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What 5 French phrases say about the holidays in France

By Memrise Team

How are the holidays celebrated in France? We like bringing real culture to the videos in our app, so we’ve created a new French Holiday Survival Kit course to show you. Here’s a breakdown of 5 phrases from the course and how they’re used in context:

on passe Noël en famille – we’re spending Christmas with the family

Christmas is a family affair for most. In France, the family usually gathers around an indulgent, multi-dish meal on the evening of the 24th December (called le réveillon de Noël). The 24th isn’t a day off, unfortunately, so it can get a little intense for the hosts! On 25th, it’s quite common to go and visit the rest of the family who wasn’t at dinner, and each house you visit will put on a little spread for you. (As if you were hungry!) Then on 26th, every body’s back at work already! Short, sweet, intense, and looking forward to the next day off!

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pas avant minuit – not before midnight

Midnight is usually the apogee of the Christmas dinner on 24th Dec, it’s also the very much awaited moment to open the presents for the adult and older kids who can stay up that late. Younger kids will have to wait for the morning to open theirs, but don’t worry, they’ll be up veeery early!

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oh, on est sous le gui – oh, we’re under the mistletoe

It’s common for the host of Christmas dinner to hang a branch of mistletoe from the ceiling or in a doorway, and whenever 2 people (or more) stop under it to have a chat, they’re supposed to kiss each other. The kiss (not always French, rest reassured) obviously has to be consented, always!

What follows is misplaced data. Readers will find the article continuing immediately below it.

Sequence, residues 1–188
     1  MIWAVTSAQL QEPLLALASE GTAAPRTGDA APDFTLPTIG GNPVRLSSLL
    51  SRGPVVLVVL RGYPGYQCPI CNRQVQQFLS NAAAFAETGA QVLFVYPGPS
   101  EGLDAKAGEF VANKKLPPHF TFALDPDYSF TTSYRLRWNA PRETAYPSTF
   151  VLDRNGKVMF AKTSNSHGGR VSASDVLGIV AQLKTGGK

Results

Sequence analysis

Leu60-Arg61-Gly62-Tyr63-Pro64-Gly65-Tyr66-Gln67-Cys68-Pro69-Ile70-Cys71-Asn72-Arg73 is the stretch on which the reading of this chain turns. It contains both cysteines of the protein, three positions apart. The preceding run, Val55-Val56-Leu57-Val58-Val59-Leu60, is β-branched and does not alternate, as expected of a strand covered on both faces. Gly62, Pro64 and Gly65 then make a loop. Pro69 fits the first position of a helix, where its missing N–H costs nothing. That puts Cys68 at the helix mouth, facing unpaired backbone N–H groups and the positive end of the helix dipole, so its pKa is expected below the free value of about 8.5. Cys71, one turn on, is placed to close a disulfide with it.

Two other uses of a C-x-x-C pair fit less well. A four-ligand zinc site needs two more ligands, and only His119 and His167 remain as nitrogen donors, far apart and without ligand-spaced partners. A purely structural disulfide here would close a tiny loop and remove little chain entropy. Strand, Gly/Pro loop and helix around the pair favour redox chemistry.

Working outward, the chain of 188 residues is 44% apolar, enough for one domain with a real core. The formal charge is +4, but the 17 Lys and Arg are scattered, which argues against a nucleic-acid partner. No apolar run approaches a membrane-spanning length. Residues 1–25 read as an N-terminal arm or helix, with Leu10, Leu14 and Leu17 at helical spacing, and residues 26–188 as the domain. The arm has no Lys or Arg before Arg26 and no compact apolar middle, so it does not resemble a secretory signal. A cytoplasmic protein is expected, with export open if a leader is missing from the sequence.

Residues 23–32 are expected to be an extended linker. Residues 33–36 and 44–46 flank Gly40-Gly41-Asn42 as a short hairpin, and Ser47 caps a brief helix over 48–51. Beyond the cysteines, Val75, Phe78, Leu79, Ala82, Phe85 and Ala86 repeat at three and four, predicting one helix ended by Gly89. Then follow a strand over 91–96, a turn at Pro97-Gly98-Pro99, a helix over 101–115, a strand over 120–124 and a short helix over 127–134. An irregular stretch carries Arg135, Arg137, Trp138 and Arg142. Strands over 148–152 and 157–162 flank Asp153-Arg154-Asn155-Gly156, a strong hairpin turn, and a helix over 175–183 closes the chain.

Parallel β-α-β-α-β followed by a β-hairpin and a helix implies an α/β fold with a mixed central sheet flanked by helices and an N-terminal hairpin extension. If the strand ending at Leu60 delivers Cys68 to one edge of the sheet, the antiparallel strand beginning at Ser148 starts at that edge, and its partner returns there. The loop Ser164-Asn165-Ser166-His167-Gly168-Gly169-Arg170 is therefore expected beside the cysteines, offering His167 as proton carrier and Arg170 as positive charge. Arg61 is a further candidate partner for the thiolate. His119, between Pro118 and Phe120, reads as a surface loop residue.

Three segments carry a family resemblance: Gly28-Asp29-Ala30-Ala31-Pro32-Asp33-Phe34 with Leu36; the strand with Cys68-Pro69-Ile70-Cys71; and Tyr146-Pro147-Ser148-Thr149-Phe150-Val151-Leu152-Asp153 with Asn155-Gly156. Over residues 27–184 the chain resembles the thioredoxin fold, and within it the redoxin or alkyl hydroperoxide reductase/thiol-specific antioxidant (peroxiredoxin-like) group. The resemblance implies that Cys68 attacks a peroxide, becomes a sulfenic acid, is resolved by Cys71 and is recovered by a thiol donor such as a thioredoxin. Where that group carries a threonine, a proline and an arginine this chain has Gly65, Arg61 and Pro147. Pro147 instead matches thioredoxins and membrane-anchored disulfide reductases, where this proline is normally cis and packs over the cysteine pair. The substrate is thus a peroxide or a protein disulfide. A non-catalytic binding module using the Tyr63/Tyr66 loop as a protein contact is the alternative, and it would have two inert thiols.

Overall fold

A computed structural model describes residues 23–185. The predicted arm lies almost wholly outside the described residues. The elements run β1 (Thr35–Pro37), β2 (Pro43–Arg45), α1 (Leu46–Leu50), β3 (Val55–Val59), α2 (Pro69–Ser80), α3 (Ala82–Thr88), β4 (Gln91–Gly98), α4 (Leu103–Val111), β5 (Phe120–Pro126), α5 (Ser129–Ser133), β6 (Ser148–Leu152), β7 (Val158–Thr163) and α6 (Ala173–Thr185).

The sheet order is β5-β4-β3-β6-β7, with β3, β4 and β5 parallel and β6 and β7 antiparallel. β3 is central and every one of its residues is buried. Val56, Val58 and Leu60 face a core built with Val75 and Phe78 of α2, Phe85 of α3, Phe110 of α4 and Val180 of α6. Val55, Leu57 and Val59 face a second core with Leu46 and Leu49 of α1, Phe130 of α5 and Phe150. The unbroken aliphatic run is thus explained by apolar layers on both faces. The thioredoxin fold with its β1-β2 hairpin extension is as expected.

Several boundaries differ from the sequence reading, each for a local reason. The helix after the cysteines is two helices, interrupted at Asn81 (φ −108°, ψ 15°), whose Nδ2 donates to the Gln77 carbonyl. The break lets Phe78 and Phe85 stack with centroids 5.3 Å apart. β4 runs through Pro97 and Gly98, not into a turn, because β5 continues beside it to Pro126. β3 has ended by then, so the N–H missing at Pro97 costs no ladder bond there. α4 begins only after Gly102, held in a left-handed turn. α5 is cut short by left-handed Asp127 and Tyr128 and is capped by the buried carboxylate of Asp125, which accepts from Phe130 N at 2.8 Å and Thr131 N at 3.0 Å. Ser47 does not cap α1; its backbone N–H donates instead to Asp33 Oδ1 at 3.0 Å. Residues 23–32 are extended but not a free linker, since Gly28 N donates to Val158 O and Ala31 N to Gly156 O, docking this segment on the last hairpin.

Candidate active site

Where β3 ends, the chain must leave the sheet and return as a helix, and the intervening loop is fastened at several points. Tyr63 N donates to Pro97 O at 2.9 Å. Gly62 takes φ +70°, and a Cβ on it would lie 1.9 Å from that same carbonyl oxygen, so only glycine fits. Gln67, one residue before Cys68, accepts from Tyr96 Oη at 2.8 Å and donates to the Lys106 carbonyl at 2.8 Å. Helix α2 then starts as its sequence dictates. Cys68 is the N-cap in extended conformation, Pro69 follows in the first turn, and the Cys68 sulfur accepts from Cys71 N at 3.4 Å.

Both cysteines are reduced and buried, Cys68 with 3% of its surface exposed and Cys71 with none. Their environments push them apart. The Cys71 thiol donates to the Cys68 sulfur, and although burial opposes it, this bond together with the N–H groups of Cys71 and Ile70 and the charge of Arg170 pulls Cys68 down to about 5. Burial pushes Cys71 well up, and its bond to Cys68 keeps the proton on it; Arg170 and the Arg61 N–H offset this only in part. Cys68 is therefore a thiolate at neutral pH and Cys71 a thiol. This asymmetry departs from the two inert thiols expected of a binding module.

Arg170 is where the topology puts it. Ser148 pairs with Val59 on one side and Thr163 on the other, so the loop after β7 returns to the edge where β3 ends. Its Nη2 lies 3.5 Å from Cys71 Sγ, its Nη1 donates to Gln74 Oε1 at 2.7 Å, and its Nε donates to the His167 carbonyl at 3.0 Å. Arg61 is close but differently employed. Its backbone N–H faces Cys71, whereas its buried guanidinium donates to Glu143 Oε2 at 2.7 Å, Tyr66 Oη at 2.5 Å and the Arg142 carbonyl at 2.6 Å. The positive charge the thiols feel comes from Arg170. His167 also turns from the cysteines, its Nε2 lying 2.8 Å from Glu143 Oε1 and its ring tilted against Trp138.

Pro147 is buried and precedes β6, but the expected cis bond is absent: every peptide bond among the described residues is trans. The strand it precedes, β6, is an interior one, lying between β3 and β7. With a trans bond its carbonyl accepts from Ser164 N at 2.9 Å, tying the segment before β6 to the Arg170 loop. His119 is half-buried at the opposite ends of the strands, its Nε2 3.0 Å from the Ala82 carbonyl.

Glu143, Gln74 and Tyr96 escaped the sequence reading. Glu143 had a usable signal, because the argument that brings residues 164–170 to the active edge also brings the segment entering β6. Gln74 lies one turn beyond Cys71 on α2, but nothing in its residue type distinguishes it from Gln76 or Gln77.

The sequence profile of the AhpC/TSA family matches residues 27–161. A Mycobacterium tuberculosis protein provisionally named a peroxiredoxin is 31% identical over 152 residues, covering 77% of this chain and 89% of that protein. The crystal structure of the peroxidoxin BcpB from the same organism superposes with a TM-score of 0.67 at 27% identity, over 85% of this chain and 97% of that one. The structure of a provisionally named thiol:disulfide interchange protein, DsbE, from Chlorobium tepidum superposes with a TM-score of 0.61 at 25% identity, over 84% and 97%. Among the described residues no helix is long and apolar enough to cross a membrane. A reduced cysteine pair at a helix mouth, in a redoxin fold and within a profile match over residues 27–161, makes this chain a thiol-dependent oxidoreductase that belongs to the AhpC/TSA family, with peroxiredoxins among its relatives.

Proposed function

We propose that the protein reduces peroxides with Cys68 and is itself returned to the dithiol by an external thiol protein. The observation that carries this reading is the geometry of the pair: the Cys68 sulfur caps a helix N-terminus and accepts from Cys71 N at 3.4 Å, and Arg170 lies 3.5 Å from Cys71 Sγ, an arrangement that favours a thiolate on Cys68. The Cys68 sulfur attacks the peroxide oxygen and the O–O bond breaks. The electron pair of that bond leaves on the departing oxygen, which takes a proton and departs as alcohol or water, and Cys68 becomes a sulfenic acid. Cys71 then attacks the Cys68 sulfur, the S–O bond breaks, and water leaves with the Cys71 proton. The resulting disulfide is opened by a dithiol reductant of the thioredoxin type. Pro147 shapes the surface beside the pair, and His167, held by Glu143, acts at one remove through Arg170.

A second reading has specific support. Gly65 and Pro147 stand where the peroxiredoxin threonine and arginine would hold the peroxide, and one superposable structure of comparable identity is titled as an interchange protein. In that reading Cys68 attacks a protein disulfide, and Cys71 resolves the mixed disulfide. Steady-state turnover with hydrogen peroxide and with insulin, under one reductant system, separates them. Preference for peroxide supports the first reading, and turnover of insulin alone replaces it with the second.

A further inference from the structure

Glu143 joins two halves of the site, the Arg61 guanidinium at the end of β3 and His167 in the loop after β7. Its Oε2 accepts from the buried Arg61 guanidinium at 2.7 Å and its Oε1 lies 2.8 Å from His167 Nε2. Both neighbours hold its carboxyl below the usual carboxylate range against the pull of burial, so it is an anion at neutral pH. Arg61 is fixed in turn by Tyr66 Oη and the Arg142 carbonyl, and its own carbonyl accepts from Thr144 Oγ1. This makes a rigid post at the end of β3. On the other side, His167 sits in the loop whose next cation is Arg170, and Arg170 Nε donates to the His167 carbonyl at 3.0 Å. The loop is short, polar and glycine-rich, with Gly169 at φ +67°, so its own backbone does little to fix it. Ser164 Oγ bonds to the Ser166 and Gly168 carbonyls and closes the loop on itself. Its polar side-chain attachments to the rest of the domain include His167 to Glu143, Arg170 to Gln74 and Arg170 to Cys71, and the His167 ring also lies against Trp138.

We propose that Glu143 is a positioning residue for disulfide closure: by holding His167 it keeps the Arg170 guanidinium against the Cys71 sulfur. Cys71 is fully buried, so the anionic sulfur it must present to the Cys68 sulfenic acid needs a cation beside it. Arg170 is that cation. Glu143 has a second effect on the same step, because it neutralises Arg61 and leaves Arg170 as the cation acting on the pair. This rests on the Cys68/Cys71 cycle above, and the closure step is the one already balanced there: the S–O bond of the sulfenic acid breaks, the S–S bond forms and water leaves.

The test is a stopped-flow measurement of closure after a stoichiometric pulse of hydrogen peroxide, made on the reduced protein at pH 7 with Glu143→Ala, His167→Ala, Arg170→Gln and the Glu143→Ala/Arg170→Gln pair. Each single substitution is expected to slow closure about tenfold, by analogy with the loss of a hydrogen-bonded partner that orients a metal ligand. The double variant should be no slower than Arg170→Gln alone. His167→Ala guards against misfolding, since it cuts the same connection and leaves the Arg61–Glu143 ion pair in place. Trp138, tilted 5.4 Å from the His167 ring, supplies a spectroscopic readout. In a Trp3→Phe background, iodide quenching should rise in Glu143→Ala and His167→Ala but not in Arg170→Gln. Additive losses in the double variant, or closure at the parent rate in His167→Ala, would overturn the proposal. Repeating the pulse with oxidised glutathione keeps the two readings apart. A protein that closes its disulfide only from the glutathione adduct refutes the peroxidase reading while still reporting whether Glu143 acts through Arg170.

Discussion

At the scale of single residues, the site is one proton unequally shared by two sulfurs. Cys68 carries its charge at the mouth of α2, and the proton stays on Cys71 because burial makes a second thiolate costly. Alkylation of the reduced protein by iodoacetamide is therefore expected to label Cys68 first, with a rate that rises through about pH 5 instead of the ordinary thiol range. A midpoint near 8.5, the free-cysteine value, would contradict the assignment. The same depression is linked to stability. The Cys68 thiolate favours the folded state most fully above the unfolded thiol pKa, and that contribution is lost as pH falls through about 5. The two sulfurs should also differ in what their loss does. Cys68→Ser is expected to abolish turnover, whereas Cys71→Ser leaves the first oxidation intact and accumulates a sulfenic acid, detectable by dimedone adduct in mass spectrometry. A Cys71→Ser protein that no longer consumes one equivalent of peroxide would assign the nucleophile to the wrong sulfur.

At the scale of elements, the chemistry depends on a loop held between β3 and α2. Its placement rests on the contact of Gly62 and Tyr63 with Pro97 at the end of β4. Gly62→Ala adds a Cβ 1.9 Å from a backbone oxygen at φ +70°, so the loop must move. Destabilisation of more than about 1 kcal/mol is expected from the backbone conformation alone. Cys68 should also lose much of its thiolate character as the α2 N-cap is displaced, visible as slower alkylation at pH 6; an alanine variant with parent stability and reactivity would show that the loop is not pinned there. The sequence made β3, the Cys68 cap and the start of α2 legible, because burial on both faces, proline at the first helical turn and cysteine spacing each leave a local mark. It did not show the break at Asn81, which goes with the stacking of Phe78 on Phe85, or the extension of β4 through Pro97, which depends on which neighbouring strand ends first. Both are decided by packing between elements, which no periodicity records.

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pas de foie gras pour moi – no foie gras for me

Foie gras is a kind of pâté made of goose liver and is a very traditional and festive dish in France. However, because of the cruelty of its intensive production, more and more people write it off their Christmas and New Year’s menus. There are so many other delicious options to choose from that you won’t miss out!

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qui veut de la soupe à l’onion ? – who wants some onion soup?

This traditional dish was already popular in Ancient Rome, and it’s no wonder it’s still very popular today: it’s pretty cheap, very filling, and gives you a lot of energy! Perfect at the end or after a tiring, boozy night. It’s quite common to be served this soup in winter evenings, and some even make it a tradition to serve it in New Year’s Eve parties, in the early hours, as a little pick-me-up. Often served with cheese gratiné on top, yum!

Learn this phrase and more now on the Memrise app


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